Simone was 16 years old when she and her family were deported from France to concentration camps, where most of her family perished. Simone and her two sisters survived, while her parents and brother died in the camps. Simone dedicated her life to the fight for equality and freedom, and remembers how, in the camps, women showed an immense capacity for resistance and helped each other in generous, unselfish ways. After the war, Simone became a French lawyer, politician, and Minister for Health, where she presided over the first bill legalising abortion. She has always fought to defend the rights of women, as well as prisoners and children. In 1979, Simone became the first President of the European Parliament and was committed to a Europe of solidarity, in which atrocities against civilians, such as what she saw happen during World War II, can never happen again. This is particularly salient in view of the devastating wars currently happening in the world today, and the genocide taking place in Palestine.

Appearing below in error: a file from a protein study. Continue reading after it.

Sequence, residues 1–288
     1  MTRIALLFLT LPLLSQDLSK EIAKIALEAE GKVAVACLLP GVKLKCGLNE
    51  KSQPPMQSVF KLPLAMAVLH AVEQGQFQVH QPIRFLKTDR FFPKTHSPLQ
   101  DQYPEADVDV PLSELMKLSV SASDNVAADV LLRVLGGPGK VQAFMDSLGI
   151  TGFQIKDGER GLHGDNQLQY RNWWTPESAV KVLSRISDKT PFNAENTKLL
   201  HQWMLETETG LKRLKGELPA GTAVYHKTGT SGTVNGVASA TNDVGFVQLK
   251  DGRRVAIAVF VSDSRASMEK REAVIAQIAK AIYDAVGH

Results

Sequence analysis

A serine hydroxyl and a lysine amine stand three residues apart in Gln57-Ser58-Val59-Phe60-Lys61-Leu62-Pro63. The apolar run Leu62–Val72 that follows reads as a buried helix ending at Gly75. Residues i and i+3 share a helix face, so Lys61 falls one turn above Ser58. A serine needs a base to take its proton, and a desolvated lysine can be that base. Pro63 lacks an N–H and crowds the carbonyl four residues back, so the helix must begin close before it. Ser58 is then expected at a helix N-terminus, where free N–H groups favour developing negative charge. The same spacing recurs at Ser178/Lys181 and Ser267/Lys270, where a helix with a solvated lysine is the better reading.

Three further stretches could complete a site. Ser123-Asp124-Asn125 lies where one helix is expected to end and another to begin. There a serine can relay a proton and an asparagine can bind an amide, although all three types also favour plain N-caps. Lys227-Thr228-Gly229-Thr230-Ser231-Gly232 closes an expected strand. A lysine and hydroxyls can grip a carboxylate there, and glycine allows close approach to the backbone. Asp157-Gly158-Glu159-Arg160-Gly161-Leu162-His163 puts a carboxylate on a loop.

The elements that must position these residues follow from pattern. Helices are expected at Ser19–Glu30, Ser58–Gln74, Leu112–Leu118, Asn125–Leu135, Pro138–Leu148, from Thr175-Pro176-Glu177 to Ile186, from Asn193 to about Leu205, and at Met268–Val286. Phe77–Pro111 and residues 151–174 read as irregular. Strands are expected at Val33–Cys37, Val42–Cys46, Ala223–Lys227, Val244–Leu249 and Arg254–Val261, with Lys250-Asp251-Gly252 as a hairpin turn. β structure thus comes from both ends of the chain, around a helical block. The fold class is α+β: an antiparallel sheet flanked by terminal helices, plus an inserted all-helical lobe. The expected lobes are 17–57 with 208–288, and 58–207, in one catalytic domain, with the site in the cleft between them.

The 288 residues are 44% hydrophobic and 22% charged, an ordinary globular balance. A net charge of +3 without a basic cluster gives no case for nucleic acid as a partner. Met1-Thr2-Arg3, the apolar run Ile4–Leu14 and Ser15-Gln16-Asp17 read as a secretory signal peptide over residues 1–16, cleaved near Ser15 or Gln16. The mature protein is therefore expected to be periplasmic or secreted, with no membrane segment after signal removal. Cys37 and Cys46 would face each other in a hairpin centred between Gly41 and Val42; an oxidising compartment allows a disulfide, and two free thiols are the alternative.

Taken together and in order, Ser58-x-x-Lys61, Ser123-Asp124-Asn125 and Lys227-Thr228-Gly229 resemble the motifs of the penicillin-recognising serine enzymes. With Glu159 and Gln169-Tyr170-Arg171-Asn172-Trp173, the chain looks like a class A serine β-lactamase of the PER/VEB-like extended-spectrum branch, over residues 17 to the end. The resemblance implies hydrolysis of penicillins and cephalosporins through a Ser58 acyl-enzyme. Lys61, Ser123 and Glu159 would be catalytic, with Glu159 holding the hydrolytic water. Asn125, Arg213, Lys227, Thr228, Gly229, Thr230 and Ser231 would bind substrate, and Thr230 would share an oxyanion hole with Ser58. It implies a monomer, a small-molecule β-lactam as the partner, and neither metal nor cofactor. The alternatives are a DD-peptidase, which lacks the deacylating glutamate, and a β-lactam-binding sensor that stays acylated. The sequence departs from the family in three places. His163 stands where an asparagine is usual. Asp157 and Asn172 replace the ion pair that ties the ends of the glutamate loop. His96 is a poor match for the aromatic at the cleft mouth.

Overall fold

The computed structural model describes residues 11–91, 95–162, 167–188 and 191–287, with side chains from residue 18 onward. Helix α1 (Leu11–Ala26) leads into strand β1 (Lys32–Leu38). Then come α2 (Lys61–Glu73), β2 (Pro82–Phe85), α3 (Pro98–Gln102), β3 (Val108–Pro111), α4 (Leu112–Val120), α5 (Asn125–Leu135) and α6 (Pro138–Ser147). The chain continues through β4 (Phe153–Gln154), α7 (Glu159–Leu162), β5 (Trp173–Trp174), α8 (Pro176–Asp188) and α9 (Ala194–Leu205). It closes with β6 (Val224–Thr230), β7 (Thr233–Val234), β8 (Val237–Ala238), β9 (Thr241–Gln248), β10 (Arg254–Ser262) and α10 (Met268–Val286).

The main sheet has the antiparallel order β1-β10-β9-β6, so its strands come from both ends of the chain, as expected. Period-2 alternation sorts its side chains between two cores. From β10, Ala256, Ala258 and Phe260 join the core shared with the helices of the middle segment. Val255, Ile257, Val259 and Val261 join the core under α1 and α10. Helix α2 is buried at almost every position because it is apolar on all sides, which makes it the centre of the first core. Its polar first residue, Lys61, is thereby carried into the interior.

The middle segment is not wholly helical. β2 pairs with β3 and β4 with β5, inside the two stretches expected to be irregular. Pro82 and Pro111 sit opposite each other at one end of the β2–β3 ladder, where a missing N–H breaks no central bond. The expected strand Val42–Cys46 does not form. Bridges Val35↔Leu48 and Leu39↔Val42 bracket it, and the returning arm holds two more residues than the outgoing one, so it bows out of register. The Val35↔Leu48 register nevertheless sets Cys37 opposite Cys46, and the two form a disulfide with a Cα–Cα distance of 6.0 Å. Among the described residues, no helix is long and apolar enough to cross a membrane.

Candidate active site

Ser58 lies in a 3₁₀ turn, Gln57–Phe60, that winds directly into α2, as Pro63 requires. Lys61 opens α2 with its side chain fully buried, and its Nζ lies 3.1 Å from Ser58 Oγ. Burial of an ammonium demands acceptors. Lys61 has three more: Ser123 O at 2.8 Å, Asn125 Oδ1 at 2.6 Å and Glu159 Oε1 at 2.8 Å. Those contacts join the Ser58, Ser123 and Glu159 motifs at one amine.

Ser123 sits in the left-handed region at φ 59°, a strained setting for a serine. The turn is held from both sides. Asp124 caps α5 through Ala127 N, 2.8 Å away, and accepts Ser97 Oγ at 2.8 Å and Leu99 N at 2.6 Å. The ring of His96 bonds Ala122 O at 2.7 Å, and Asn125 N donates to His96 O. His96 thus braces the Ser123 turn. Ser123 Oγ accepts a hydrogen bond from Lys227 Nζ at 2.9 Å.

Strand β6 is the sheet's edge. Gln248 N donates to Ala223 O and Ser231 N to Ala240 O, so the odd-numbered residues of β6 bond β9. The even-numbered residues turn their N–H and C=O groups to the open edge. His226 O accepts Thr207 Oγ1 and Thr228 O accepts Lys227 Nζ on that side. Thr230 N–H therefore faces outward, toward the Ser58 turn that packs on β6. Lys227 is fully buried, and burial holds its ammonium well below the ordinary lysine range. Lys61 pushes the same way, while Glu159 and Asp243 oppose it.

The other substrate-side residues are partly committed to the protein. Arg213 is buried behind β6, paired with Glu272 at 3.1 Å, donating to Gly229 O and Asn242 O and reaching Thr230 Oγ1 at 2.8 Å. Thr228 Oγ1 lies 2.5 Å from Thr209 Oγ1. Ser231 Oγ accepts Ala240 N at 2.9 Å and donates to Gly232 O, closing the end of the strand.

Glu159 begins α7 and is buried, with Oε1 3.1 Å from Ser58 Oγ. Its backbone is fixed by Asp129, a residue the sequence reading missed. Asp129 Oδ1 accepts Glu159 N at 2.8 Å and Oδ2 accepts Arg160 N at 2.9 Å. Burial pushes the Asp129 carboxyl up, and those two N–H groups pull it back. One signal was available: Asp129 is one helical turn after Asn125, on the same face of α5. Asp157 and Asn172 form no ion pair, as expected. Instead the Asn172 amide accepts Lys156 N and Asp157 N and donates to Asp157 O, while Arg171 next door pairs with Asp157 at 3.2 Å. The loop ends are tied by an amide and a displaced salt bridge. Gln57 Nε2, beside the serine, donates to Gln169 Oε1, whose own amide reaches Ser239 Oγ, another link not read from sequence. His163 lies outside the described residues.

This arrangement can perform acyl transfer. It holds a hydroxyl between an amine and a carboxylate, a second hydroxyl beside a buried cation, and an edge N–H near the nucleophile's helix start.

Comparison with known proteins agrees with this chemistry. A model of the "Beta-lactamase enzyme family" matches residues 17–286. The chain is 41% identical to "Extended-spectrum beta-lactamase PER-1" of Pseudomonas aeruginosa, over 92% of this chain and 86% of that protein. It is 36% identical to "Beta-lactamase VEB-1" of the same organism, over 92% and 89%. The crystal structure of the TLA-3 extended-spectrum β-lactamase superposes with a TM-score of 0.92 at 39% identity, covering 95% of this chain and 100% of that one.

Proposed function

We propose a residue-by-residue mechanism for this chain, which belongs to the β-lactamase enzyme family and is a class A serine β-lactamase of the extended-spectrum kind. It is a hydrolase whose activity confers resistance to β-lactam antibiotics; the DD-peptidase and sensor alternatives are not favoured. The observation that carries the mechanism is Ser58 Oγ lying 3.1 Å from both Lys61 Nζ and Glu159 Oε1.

Mary Moynihan at the Irish Cultural Centre in Paris, beside a plaque to remember Irish people in resistance who supported the liberation of France during WWII
Mary Moynihan at the Shakespeare and Company Independent book shop in Paris nestled under the shade of Notre-Dame. The book shop was founded by Sylvia Beach in 1919, the first publisher of James Joyce’s Ulysses in 1922

Live to Die

Situated within the crypt is a current exhibition running from February 24–September 8, 2024 titled Live to Die. The exhibition celebrates and remembers the lives of married couple Missak Manouchian and Mélinée Assadourian.

The exhibition was set up to mark the couple’s entry into the Panthéon on February 21, 2024. The exhibition is situated in the crypt, near the vault where Manouchian and Assadourian have been laid to rest. By honouring the two, the Panthéon has stated that it is remembering all foreign Resistance fighters who stood up for democracy and the liberation of France during World War II.